"Sir?"

The commissaris stopped and turned. "Sergeant?"

"Can I go with you, sir? You were ill last week, sir. I am sure your wife doesn't want you to travel alone. I have some leave due and I'd like to go to America."

It wasn't the right thing to say. The commissaris frowned. "My wife? I tell you, sergeant, my wife
does
fuss, you know. If she had her way I would never leave my bed or my bath. And you know what that will do to me?" The commissaris' forefinger pointed at the sergeant's stylish denim jacket. "It will kill me. Anything will kill me. Nonactivity will and activity will too. Whatever way I go I am faced by disaster."

Adjutant Grijpstra raised his bulk from the low chair and ambled over until he stood opposite the commissaris' frail figure. "But perhaps you shouldn't go alone, sir." The adjutant's deep voice was polite, soft, reassuring. "I would like to go too, but my English is bad. The sergeant speaks the language well. He could do the legwork while you sort out the job."

The commissaris stepped back until his back touched the wall. "Yes?"

"Yes, sir."

"No," the commissaris said. "No, no. Not at all. The sergeant should spend his leave in the sun somewhere. This is private business, and unpleasant too. A wailing old lady and a blizzard around the house. And what about the money? The trip'll cost a few thousand per person, a waste of good money if there are two of us. No, adjutant. It's a kind thought and I appreciate it."

The door closed. The sergeant hadn't moved from the straightbacked chair opposite the commissaris' desk. Grijpstra sighed and looked out the window. A streetcar splashed through a puddle on the other side of the street. Two cyclists, huddled in plastic yellow coats, caught its wave of muddy water and nearly capsized.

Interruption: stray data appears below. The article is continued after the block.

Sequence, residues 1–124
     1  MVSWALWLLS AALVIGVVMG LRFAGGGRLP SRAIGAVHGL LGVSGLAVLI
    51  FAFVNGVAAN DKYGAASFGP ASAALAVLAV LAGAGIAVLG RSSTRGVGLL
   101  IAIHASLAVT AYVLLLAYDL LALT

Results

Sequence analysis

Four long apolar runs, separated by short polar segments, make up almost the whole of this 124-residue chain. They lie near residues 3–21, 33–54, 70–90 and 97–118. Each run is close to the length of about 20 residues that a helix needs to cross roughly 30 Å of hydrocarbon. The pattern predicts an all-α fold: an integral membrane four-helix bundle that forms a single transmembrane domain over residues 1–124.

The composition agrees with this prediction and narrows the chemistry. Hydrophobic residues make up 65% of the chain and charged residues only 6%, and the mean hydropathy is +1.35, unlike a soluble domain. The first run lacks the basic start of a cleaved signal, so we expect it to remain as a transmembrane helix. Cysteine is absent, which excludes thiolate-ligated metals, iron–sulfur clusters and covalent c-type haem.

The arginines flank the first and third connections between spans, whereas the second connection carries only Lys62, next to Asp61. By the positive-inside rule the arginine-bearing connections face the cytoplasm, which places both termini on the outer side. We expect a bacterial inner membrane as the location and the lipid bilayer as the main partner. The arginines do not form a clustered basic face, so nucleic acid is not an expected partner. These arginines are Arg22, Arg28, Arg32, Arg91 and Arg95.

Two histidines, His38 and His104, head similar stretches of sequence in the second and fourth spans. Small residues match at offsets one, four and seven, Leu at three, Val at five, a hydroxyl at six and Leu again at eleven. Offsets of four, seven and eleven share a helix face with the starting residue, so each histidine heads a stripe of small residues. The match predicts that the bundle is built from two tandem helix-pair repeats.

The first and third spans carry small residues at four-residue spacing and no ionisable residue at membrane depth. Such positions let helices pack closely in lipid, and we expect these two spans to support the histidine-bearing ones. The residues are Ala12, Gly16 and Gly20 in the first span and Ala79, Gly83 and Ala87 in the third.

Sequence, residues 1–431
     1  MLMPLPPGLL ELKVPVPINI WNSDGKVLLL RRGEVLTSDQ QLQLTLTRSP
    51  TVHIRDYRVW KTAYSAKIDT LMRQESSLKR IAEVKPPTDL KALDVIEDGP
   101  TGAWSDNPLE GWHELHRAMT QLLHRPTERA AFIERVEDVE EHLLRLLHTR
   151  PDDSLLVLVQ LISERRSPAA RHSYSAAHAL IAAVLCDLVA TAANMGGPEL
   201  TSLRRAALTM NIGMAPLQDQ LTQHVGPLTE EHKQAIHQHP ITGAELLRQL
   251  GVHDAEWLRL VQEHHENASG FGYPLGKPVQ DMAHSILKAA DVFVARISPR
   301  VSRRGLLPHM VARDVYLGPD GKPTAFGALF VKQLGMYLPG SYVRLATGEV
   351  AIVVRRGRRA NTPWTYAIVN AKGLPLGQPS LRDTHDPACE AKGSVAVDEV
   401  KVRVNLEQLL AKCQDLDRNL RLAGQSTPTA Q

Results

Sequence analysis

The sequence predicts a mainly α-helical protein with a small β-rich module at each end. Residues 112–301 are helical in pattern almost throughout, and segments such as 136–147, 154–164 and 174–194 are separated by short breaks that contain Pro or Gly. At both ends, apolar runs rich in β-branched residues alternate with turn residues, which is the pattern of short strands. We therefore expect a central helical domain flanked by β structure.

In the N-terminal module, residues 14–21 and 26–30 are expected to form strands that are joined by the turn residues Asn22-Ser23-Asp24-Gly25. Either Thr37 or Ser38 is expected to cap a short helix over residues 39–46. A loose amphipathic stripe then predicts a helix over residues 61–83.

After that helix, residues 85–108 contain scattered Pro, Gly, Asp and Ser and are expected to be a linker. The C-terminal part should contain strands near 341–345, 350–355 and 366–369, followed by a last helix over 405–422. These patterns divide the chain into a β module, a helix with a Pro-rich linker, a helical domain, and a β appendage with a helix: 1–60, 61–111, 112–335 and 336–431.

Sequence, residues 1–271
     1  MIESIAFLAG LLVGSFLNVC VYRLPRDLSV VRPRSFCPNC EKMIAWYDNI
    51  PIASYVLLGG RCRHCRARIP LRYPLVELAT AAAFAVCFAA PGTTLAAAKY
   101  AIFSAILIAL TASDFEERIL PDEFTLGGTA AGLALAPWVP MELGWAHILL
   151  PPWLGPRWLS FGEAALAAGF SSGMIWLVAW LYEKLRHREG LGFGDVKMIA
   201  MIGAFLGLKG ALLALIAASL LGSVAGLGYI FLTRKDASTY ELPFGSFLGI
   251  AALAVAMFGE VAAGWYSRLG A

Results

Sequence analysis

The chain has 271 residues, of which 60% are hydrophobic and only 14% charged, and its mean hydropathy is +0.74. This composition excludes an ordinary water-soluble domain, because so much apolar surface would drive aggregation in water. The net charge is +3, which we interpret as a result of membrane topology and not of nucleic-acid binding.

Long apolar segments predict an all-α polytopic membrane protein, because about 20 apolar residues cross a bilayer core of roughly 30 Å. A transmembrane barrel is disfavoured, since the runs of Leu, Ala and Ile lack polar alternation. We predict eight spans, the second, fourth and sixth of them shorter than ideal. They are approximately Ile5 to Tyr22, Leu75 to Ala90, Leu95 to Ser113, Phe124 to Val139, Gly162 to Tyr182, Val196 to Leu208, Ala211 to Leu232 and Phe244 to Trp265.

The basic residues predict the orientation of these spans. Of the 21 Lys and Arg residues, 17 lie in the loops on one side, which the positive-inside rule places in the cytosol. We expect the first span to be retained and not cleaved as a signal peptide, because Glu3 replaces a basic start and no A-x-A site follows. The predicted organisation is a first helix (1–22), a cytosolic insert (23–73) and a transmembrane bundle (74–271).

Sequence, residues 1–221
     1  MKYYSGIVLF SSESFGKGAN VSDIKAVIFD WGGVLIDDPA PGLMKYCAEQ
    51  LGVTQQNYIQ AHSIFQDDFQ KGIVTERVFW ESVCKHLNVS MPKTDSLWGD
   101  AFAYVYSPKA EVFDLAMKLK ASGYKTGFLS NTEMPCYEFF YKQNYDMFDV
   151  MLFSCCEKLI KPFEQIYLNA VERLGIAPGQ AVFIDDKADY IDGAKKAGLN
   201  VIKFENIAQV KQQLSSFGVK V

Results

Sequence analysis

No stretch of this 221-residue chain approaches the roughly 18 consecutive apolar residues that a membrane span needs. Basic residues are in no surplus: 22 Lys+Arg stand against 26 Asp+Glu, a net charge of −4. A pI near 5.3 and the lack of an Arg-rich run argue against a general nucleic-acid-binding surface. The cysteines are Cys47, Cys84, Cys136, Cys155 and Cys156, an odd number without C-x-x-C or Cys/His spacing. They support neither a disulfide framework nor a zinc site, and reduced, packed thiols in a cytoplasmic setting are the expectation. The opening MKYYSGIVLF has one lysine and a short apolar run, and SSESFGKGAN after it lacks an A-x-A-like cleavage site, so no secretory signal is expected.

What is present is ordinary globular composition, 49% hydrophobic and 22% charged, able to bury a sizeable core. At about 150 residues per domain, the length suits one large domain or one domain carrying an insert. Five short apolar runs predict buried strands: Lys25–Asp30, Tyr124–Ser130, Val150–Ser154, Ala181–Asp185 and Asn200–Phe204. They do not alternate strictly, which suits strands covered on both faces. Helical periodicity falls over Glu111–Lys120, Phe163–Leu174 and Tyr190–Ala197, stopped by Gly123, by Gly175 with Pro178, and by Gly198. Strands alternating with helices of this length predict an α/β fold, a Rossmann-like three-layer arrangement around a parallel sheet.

"Look at that," Grijpstra said. "I would rather see snow. Snow is nice and white, all I have seen for the last few weeks is gray water and brown mud. Maybe you should go all the same. He can't stop you, you know. It'll be a private trip. My young cousin spent his holidays in America. He said he had a good time, and it wasn't all that expensive either, but he got some sort of discount, a student's ticket. You may have to pay full fare. Do you have any money?"

"No," de Gier said and studied his new suede boots. "I could get a bank loan."

"It might not be enough. They won't lend much against your salary. I don't have any cash either. Hmm."

There was some cheerfulness in the "hmm" and de Gier looked up. "Hmm what?"

"An idea," Grijpstra said. "A good idea. I'll see the chief constable."

"That high?"

"That high," Grijpstra said as he left the room. "The top. It's hard to go higher than the top."

De Gier left too and wandered through the building. He stopped at the canteen, where a sergeant from the garage showed him how to obtain a free cup of coffee by pressing certain buttons in a certain combination on a recently installed machine, and at the typists' room, where his presence evoked some smiles and at least one wistful sigh. He reached his own office an hour later and found Grijpstra sitting on his desk. The adjutant beamed.

"Yes?" de Gier asked suspiciously.

"On your way." The adjutant's smile was triumphant.

"On my way where?"

'To the American consulate. They're waiting for you. I have a name. Ask for the name and you will be shown straight through and your passport will be stamped right-away. There is no fee."

"A visa?"

"Yes. The chief constable was most impressed."

The adjutant's smile was now both triumphant and mysterious, and de Gier sat down on the visitor's chair, stretched his long legs, and put his feet on the desk. 'Tell me," he said patiently. "I won't go anywhere if you don't tell me."

"What is there to tell? You are going to America. I saw the address of the commissaris' sister in his notebook. The town of Jameson in the county of Woodcock in the state of Maine, USA. We've been friendly with the American police ever since the junkies began to arrive here. Only last week I had to show a New York police lieutenant around, remember? Took me two days."

"Yes. You took him to the restaurants."

"That's where he wanted to go. I do as I am told. But it works both ways. We can go over there—there's a fund in The Hague
*
somewhere and there's money in the fund, American money and Dutch money. When they come over here their expenses are paid by the fund, and if we go over there our expenses are paid by the fund, only we never go over there."